In mid‑October 1936 Frye has a chance encounter with Elizabeth Fraser, a Canadian graphic artist and book illustrator with whom he and Helen Kemp had had a passing acquaintance in Toronto and who was living in London and (sometimes) in Oxford. “We parted with expressions of esteem,” Frye writes to Helen, “and promises to come together later. I may give a tea for her and [Douglas] LePan soon. She looks interesting.” But before he can send an invitation, Fraser asks him over for a meal, which he accepts, showing up at her place two weeks later. Thus begins the most intriguing relationship Frye has during the year. Fraser, a pipe‑smoking free spirit who is twelve years older than Frye, is trying to survive in Oxford by illustrating books, always living on the brink of insolvency. One of her projects, described in some detail in Frye’s letter of 3 November 1936, mystifies him because he cannot imagine why she is drawn to the turgid prose of the text. Fraser completes twenty or so extraordinary drawings for the book, which turns out to be Plato’s Academy: The Birth of the Idea of Its Rediscovery by Pan Aristophron, published in 1938 by Oxford University Press. Frye says that Fraser is “a very remarkable girl” and is attracted to her ideas, which he says “have been gradually developing the way mine have on Blake, into a more and more objective unity all the time,” as well as to her drawings, which he sees “as sincere as the book is faked, and as concrete as the book is vague.”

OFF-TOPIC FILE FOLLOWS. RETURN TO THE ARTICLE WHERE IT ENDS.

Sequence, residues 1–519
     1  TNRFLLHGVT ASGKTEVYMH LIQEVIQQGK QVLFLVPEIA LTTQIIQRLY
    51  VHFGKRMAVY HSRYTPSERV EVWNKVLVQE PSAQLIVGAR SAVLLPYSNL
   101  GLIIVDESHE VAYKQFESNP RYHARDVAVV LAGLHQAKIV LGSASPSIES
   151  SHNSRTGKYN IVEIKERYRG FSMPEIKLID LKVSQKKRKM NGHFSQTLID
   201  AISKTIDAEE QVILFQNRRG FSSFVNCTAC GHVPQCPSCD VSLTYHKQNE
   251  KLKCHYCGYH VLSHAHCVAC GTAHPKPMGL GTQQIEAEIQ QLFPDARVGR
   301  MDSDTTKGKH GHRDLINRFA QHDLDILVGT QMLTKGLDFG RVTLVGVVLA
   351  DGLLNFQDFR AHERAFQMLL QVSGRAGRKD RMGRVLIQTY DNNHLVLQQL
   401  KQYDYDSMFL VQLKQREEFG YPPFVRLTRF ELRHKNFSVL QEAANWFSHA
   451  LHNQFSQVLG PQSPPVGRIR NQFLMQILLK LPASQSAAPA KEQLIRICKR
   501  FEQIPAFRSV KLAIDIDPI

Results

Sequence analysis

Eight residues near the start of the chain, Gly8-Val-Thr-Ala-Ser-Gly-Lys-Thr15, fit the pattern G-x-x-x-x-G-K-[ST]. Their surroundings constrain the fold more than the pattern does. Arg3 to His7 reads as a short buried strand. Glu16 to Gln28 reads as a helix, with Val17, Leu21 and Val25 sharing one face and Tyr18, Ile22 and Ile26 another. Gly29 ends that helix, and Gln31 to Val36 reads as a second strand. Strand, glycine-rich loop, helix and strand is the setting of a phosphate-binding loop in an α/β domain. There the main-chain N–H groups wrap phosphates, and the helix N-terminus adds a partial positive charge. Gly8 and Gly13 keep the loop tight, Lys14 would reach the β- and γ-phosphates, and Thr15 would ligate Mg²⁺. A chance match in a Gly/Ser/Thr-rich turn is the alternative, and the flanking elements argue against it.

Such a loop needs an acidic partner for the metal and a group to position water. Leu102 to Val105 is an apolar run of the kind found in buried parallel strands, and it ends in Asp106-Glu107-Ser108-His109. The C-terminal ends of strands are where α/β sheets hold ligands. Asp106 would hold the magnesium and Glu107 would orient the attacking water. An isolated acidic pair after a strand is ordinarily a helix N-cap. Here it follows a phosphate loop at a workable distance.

Aristophron says nothing at all in his preface about Fraser’s drawings, which are identified only by her stylized initials—EF—tucked away in the corner of several of the illustrations. The book was printed by John Johnson, “Printer to the University” and also a friend of Fraser’s.